I am… an orphan?
Am I an orphan?
Can you call yourself an orphan as an adult? The word implies child, right? But at what point do you stop being someone’s child? All I know is that, rightly or wrongly, in the lead up to my 30th birthday – a few years ago now – I certainly felt like an orphan. Sometimes, I still feel that way.
I don’t like being pitied, or thought of as a victim, even when such feelings about myself arise from within me. I cringe when detecting sympathy from others, over its preferable relation, empathy. I tell myself: I’m no sob story – though I sob more than I care to admit. I’ve had some pretty major life losses, and I’m told repeatedly that my series of losses are unusual for someone my age. For others’ sake, I hope that’s true.
I’m lucky. I do not have my parents but I have invaluable family members, friends, and the support of a church family. Mostly, I genuinely feel the parental love of God. I have benefitted from being able to afford private counselling. Though I once feared that joy would never return to me, it turns out I can still feel it.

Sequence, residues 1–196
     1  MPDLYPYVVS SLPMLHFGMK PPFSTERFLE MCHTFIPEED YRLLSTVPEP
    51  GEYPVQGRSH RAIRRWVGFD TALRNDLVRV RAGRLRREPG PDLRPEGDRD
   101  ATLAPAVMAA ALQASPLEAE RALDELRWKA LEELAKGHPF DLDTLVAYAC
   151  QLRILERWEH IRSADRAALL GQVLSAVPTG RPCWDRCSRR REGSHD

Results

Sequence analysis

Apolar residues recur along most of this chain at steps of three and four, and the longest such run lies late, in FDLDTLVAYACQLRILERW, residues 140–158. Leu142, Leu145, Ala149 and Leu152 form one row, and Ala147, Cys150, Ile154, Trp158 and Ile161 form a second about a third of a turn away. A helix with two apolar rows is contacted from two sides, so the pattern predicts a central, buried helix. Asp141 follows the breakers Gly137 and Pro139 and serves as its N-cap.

I must have known it was possible for my parents to die. But I never expected it. My first major heartbreak was the loss of my dad, who died of a form of lung cancer when I was a teenager. My mum died more recently, also of cancer. They suffered long. So, people often argue, subtly, that their deaths must have been expected. Well, no. Sorry. That’s not how it felt for me. …
This month’s column is anonymous. If you have a story to share, email
This is an extract from an article that was published in the July/August 2019 edition of Reform.